Our aged father T has his affections upon the things of this earth when they should be removed and he be ripening up for heaven. The life that he now lives he should live by faith in the Son of God; his affections should be on the better land. He should have less and less interest in the perishable treasures of earth, while eternal things, which are of the greatest consequence, should engage his whole interest. The days of his probation are nearly ended. Oh, how little time remains to devote to God! His energies are worn, his mind broken, and at best his services must be weak; yet if given heartily and fully, they are wholly acceptable. With your age, Brother T, has come an increase of selfishness and a more firm, earnest love for the treasures of this poor world.
Sister T loves this world. She is naturally selfish. She has suffered much with bodily infirmities. God permitted this affliction to come upon her, and yet would not permit Satan to take her life. God designed through the furnace of affliction to loosen her grasp upon earthly treasures. Through suffering alone could this be done. She is one of those whose systems have been poisoned by drugs. By taking these she has ignorantly made herself what she is; yet God did not suffer her life to be taken, but lengthened her years of probation and suffering that she might become sanctified through the truth, be purified, made white and tried, and, through the furnace of affliction, lose her dross, and become more precious than fine gold, even than the golden wedge of Ophir. Love of the world has become so deeply rooted in the hearts of this brother and sister that it will require a severe trial to remove it. Dear brother and sister, you lack devotion to God. You are insane in regard to worldly things. The world has power to conform your mind to it, while the spiritual and heavenly do not bear with sufficient weight to transform the mind.
Men and women in —– who profess to be Christ’s followers, why do you not follow Him? Why do you exhibit such insanity to acquire an earthly treasure, which misfortune can so easily remove, and neglect the riches of heaven, the immortal, imperishable treasure?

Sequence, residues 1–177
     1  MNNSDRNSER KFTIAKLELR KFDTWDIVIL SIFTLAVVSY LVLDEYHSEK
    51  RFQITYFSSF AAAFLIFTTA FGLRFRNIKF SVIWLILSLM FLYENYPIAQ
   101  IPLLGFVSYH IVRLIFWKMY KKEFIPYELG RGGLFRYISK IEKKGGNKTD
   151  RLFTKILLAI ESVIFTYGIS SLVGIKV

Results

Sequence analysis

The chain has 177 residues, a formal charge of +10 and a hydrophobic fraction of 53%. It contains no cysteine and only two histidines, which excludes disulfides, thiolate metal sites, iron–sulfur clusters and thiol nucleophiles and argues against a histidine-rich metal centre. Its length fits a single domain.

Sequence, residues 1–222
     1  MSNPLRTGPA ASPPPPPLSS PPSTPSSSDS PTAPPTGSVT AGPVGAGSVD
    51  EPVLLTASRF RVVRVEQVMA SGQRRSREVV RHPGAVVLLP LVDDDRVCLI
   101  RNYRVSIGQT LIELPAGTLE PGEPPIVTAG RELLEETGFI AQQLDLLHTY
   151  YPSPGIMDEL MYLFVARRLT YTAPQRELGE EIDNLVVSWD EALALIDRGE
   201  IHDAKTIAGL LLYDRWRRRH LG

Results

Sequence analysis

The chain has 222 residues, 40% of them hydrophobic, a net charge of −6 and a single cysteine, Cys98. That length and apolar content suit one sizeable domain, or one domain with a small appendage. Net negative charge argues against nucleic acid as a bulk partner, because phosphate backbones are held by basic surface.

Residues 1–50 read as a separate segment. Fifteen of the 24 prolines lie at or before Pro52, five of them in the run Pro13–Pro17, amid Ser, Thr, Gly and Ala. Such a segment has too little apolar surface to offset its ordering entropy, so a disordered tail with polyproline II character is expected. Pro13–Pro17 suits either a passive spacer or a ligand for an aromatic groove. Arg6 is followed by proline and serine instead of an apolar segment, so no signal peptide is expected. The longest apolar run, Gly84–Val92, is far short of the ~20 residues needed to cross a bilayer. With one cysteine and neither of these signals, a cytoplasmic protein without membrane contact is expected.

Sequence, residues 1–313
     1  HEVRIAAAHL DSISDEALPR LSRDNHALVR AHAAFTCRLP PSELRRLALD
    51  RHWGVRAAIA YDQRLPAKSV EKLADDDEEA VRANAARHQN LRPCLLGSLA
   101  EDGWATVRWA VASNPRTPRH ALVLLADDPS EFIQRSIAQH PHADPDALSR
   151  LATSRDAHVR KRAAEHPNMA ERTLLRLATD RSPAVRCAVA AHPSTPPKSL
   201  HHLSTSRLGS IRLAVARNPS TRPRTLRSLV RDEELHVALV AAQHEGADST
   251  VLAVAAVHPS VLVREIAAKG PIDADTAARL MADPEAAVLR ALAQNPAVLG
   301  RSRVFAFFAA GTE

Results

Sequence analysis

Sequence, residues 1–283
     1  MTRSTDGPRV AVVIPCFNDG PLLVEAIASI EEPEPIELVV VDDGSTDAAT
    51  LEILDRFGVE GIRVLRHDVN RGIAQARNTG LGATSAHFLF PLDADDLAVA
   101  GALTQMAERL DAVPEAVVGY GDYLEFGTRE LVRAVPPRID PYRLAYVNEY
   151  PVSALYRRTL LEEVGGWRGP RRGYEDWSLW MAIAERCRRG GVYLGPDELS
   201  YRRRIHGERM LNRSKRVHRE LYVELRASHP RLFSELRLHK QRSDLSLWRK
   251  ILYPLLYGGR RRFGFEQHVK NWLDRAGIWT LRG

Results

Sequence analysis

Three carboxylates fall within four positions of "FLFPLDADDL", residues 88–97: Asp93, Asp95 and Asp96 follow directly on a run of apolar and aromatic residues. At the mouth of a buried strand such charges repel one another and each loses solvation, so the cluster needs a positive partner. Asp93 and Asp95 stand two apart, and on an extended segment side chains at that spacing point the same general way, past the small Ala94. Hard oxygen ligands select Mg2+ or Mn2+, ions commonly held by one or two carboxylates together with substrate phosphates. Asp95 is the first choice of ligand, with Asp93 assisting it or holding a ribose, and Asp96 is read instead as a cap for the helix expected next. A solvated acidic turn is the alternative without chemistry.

I was shown the case of Brother U’s wife. She has a desire to do right, but has failings which cause herself and her friends much trouble. She talks too much. She lacks experience in the things of God, and unless she is converted and transformed by the renewing of the mind, she will be unable to stand amid the perils of the last days. Heart work is needed. Then the tongue will be sanctified. There is much talking which is sinful and should be avoided. She should set a strict watch before the door of her lips and keep her tongue as with a bridle, that her words may not work wickedness. She should cease talking of others’ faults, dwelling upon others’ peculiarities, and discovering others’ infirmities. Such conversation is censurable in any person. It is unprofitable and positively sinful. It tends only to evil. The enemy knows that if this course is pursued by Christ’s professed followers, it is opening a door for him to work.
I saw that when sisters who are given to talk get together, Satan is generally present, for he finds employment. He stands by to excite the mind and make the most of the advantage he has gained. He knows that all this gossip, and tale-bearing, and revealing of secrets, and dissecting of character, separate the soul from God. It is death to spirituality and a calm religious influence. Sister U sins greatly with her tongue. She ought by her words to have an influence for good, but she frequently talks at random. Sometimes her words put a different construction upon things than they will bear. Sometimes there is exaggeration. Then there is misstatement. There is no intention to misstate, but the habit of much talking and talking upon things that are unprofitable has been so long cherished that she has become careless and reckless in her words, and frequently does not know what she is stating herself. This destroys any influence for good she might have. It is time there was an entire reform in this respect. Her society has not been prized as it would have been had she not indulged in this sinful talking.